Earlier this spring, a group of Wake Early College of Health and Sciences (WECHS) high school students left their classrooms to spend the day learning about cardiovascular research. The students visited the labs of Dr. Ravi Karra and Dr. Doug Marchuk, and toured the Duke zebrafish core facility. The students, many with plans to attend graduate or medical school, listened to presentations explaining basic concepts and methodologies of cardiovascular research work.
This program came to fruition under the leadership of Dr. Maria Rapoza, executive director of the Duke Cardiovascular Research Center (CVRC), Dr. Sharlini Sankaran, the executive director of Duke’s Regeneration Next Initiative, and Sruthi Valluru, a WECHS senior high schooler.
Sruthi, like many of her Wake Early College classmates, has already taken college-level courses and has been granted experiential learning opportunities in the field of medicine through WakeMed Hospital. However, when her interests turned toward medical research, she ran into roadblocks.
“[Finding ways to interact with research] was such a tricky thing for me. I had to go out and email people or have connections…It’s so difficult for any high schooler (even though there are so many smart and capable students)…to penetrate the field of research when they don’t have the proper connections.”
Valluru hopes that launching a tour program at WECHS will help her peers gain first-hand exposure to medical research. After working in both a Duke-based start-up and research lab, Valluru’s career interests turned towards medical research as a platform to transform the lives of so many. She will be studying biomedical engineering at North Carolina State University beginning this fall semester.
Valluru emphasizes the collaborative nature of research. “As we bring more people to the field, we are creating a wider community that can help us move forward in discovering new things.” Exposing students to the work of research laboratories early on in their careers helps broaden the pipeline of scientsts and cultivate interest and talent in young people.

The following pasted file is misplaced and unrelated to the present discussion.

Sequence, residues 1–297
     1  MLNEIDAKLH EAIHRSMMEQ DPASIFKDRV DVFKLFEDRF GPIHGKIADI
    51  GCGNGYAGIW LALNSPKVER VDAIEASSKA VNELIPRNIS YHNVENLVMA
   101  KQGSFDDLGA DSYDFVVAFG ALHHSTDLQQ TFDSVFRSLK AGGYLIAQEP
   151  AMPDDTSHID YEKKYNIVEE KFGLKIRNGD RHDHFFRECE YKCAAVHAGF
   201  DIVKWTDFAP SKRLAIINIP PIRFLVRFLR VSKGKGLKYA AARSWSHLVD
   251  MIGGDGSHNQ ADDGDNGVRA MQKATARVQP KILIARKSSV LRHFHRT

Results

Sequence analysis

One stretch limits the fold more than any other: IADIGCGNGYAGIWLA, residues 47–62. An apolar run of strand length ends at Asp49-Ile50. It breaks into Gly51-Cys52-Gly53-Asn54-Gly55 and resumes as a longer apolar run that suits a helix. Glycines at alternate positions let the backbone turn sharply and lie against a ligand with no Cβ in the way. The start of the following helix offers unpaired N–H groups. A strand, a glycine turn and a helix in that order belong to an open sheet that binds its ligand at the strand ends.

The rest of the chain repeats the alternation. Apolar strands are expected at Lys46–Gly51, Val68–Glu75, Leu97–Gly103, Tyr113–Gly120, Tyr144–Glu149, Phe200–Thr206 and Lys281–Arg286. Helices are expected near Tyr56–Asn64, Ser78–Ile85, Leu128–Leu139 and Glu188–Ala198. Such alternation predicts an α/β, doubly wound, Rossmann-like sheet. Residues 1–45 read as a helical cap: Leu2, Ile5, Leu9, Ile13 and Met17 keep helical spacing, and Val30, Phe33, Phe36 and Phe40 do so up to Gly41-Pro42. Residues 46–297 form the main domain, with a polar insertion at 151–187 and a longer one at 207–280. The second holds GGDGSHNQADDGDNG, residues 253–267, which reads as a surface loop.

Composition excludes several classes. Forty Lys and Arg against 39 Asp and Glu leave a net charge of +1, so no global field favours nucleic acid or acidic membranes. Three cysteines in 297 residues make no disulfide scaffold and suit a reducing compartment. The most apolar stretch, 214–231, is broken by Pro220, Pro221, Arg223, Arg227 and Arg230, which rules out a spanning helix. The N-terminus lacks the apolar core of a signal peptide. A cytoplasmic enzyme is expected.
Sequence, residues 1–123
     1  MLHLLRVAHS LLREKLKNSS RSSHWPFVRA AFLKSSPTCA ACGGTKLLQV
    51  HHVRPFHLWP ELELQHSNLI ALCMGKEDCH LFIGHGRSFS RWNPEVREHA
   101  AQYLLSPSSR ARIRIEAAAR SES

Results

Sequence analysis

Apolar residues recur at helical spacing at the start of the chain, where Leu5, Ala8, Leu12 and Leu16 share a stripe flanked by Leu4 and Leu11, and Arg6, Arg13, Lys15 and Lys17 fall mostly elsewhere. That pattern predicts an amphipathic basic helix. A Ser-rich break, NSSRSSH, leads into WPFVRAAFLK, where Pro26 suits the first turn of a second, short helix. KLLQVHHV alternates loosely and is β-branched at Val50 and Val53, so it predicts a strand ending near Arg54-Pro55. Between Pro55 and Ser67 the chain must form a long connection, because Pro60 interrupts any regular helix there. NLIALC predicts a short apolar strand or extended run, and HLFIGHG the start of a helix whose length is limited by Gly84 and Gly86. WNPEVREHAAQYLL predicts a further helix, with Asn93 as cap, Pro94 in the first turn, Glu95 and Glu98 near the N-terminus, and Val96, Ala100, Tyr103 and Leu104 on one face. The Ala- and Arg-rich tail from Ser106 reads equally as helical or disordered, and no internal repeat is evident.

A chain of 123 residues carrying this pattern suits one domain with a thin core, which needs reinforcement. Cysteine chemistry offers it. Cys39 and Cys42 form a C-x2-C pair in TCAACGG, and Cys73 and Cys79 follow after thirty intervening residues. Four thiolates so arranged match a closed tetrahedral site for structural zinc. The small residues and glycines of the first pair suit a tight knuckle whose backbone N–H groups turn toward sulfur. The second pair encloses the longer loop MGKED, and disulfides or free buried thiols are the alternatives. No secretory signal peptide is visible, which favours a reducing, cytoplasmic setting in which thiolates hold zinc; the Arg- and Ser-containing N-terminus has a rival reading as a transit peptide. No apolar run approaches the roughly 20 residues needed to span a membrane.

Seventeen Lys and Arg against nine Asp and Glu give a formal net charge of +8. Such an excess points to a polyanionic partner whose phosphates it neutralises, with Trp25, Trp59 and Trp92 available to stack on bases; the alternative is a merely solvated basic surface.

Students enjoyed walking through Duke’s winding halls of countless lab facilities and touring Duke’s beautiful medical campus. “One of the things I enjoyed the most was the bus ride home listening to the excited chatter of my fellow classmates about how much they enjoyed [the tour],” Valluru noted.
Popular culture often portrays researchers as socially awkward science nerds who work in a dimly-lit basement. The societal conceptions of research work are not aligned with the reality that researchers enjoy rich social lives and span a wide range of types of research.
Many WECHS students expressed that participating in the tour changed their perspectives on the research work. One student said, “This isn’t what I expected research to be like. I expected research to be this one person working by themselves.” At the end of each lab visit, WECHS students asked the lab members for contact information, eager to continue learning about research work at Duke.
The Duke CVRC, Regeneration Next Initiative, and WECHS team would like to thank everyone who made this program possible. The team looks forward to scaling future collaborations to a wider scale with high schools and research universities across the Triangle area.
Guest blog post by Jacqueline Xu, Duke Department of Medicine undergraduate intern.